Ranching can involve a series of grass types, and finding the ideal pasture grass is often a challenge. Knowing some of the common grass types involved in ranching can ensure the health of a pasture-fed herd and increase the efficiency of a ranching operation. Some grasses are more common than others are, but many can be grazed the same way.
Reed Canary Grass
Reed canary grass grows fast and is easy to find in wetland areas, where it can proliferate easily in the wet soil. Like some other forage crops, reed canary grass can be hard to graze if it gets too tall. The grass becomes more bitter and less inviting to the herd, and livestock tend to only be interested in the leaves of reed canary grass if the crop has overgrown. It is important to graze reed canary grass pastures regularly to avoid this, as it can slow livestock growth. Grazing experts recommend using the pasture as a hay crop if the grass grows too tall.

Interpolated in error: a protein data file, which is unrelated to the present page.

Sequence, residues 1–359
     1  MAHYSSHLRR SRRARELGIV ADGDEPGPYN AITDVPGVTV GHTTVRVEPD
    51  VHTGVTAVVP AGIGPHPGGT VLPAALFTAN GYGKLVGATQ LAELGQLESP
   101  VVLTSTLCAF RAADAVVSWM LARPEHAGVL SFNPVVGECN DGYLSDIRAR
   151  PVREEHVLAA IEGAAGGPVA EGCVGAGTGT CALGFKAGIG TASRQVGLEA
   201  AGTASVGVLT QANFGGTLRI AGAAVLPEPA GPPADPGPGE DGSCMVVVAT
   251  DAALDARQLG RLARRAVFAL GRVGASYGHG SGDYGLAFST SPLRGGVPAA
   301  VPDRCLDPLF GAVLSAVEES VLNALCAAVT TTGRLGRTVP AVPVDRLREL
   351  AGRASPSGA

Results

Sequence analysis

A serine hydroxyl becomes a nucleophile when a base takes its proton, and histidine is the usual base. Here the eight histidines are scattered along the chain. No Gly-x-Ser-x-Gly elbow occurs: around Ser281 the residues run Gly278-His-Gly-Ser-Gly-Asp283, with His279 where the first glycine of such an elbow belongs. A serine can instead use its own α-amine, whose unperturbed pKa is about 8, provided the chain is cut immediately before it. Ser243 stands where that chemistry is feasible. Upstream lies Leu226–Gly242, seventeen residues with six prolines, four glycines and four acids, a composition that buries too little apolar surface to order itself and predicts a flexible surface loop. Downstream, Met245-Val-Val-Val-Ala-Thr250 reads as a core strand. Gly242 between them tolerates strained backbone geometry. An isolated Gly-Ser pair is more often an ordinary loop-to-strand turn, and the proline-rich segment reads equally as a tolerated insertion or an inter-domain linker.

Bermuda grass is a popular grazing crop because of its dependability and low demand for fertilizer. Bermuda grass is common in the South, and University of Florida foraging expert Glen Burton consider it an excellent crop for achieving high yields, especially in dairy operations. Bermuda grass is also made easily into hay for winter grazing, making it a popular crop for year-round production. Some varieties are much more productive than others, and different types of cattle-raising operations, such as dairy farms, might benefit more from specific varieties.
The tallgrass fescue has a reputation as an excellent forage crop. It is often used for grazing in late fall and early winter, and some experts advise against grazing fescue pastures in the growing season because it threatens the crop's ability to survive into the winter. Others caution against using fescue as primary forage as low yields can result. Fescue’s best function is as a part of a varied forage system to help overwinter a livestock herd. The best way to employ fescue is alongside other foraging crops. Some agricultural scientists are working to develop additional summer-dormant varieties of fescue grass.
Matt Petryni has been writing since 2007. He was the environmental issues columnist at the "Oregon Daily Emerald" and has experience in environmental and land-use planning. Petryni holds a Bachelor of Science of planning, public policy and management from the University of Oregon.